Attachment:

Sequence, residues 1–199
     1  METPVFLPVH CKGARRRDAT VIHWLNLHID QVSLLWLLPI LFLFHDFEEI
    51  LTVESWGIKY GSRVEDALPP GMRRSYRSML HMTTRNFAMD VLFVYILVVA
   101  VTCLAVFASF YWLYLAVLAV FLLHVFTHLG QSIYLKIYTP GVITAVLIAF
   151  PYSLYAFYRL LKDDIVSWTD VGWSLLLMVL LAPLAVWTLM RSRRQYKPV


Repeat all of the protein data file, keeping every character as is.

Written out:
Sequence, residues 1–199
     1  METPVFLPVH CKGARRRDAT VIHWLNLHID QVSLLWLLPI LFLFHDFEEI
    51  LTVESWGIKY GSRVEDALPP GMRRSYRSML HMTTRNFAMD VLFVYILVVA
   101  VTCLAVFASF YWLYLAVLAV FLLHVFTHLG QSIYLKIYTP GVITAVLIAF
   151  PYSLYAFYRL LKDDIVSWTD VGWSLLLMVL LAPLAVWTLM RSRRQYKPV